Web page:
In our first blog of this series “Generative Design insights: a game changer for product development and industrial 3D printing” we already gave an overview of generative design and additive manufacturing. In the following articles, we would now like to examine some aspects in more detail.
Given global trends towards resource scarcity and reducing use of resources, the optimization of parts is becoming more and more important. Superfluous material should be saved, and the parts must become lighter. Particularly for moving products, from cars and airplanes to robots and machines, lightweight construction is an essential topic in product development for reducing energy consumption. In recent years, generative design has become a way to quickly and easily create precisely such desirable lightweight geometries.
But why is Generative Design such a prominent topic nowadays, when the field of topology optimization for the mentioned requirements has already been around for decades? Classical topology optimization is characterized by high manual effort, long computation times and manual redesign, where a large part of the optimization refinements are lost and reduce the result quality. Due to these limitations in the applicability of topology optimization, the process is in most cases only used for special components. In addition, the production of more complex lightweight designs using classical production methods is also challenging and associated with high costs.
In recent years, there have been changes in various areas in this respect that make a new approach possible. On the one hand, the industrialization of additive manufacturing means that a manufacturing technology can be used productively which, with its geometric freedom, can also produce highly complex lightweight designs without any difficulties. In order to use these diverse potentials effectively and comprehensively, novel designs must therefore be generated to an increasing extent. This is hardly possible with the lengthy and costly process of classical topology optimization.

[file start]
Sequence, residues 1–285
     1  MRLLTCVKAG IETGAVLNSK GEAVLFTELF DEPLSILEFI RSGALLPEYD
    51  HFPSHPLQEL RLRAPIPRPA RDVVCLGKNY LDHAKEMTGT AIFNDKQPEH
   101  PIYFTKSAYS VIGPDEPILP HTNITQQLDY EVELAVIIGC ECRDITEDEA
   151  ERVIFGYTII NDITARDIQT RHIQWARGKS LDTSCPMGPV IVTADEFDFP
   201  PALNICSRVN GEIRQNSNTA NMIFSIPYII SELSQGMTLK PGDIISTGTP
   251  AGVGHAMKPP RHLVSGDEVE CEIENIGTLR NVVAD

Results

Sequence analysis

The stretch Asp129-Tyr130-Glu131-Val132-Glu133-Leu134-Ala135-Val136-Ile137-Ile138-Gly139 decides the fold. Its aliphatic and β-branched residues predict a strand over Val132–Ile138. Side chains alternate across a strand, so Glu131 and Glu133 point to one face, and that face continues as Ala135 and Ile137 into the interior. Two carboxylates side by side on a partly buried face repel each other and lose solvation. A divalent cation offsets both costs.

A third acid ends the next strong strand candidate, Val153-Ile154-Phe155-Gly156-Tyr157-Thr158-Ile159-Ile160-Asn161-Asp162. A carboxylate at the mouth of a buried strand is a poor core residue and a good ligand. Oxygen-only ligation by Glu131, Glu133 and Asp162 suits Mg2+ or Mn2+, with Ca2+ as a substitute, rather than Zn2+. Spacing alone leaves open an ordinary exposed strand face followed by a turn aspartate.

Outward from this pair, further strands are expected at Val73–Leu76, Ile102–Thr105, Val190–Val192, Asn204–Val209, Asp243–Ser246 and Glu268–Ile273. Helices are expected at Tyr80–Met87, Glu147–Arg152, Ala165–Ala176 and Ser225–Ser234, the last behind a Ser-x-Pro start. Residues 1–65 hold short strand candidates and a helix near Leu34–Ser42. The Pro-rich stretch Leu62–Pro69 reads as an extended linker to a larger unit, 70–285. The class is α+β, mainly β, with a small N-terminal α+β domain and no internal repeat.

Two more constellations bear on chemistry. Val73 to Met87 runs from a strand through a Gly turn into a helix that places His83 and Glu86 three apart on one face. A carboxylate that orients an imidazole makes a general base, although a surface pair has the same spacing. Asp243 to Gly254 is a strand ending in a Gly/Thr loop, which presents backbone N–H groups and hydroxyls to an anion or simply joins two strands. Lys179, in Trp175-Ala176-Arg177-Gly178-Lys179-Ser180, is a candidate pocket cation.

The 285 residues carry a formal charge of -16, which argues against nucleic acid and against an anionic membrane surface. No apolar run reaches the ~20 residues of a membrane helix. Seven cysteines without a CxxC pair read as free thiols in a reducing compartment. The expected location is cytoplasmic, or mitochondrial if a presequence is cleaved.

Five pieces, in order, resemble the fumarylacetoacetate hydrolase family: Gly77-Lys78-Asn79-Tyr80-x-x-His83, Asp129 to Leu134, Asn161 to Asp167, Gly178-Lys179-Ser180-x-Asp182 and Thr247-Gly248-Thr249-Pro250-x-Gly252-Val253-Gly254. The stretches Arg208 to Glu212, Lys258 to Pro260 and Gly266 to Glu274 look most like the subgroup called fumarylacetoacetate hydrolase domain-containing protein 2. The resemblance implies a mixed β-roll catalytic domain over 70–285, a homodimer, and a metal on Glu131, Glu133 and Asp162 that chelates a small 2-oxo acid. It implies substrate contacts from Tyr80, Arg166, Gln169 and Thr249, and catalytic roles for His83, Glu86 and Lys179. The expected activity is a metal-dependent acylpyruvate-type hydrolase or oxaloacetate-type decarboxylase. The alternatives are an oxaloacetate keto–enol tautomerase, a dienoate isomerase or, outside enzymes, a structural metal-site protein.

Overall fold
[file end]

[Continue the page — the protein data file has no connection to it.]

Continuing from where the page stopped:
Generative Design is not a reinvention of part optimization; based on the finite element method (FEM), it certainly follows the classical approach of structural mechanical analysis. However, the complete optimization process is re-imagined: instead of a time-consuming, manual process, the focus is on a streamlined, user-oriented procedure to free the user from tedious routine work and to offer more opportunities for creativity and conceptual design.
Some providers try to speed up existing algorithms or simply achieve a fast result through sheer computing power. Others rely on a new approach. Instead of an uneven mesh, standardized voxels are used for computation. With this method and specially adapted algorithms trimmed for speed, high-performance design iterations can be run extremely quickly, optimizing the mechanical performance of the part while keeping weight to a minimum – all while considering the given requirements. This enables key challenges in today’s business world to be met: optimized parts and product development processes increase the efficiency of the company and its products. In addition, lightweight parts are more sustainable and, with fast and simple geometry generation, can be developed more flexibly and individually. This strengthens the competitiveness and positioning of the company.
The fact that these factors are not only theoretical and are becoming increasingly important is shown by the considerable market growth that analysts are attributing to the generative design sector in the future. With an average annual growth rate of 24%, the market is expected to increase significantly in the future, forecasts ABI Research. A market volume of around $45 billion is therefore expected for the generative design sector in 2030.
Increasing data processing and computing power as well as the trend of cloud computing increasingly enable the virtualization of manufacturing through simulation. A Digital Twin – a completely digital image of production and the product – is created. From design to production simulation and beyond, the essential steps of the product are run through and optimized digitally. Generative Design provides the starting point here with the component design, which can then be followed by various other simulations, such as production simulation and the calculation of further post-processing steps, so that the part runs through the production process virtually, piece by piece. Virtualization is thus an essential element of the smart factory.
With connected systems, numerous relevant data can be generated, which can lead to new insights at various points. An example of generative design can be that the milling machine reports back vibrations during the post-processing of functional surfaces of the part, which then flow into the design generation and produce an adapted, better design. This can lead to a more efficient production, reducing scrap while being leaner and more sustainable in the process operation. Thus, with virtualization based on simulation tools and generative design – as a disruptive technology for product optimization – a company can become sustainably more efficient and competitive.
Learn more about how to create more efficient, sustainable products and download the free Generative Design Infographic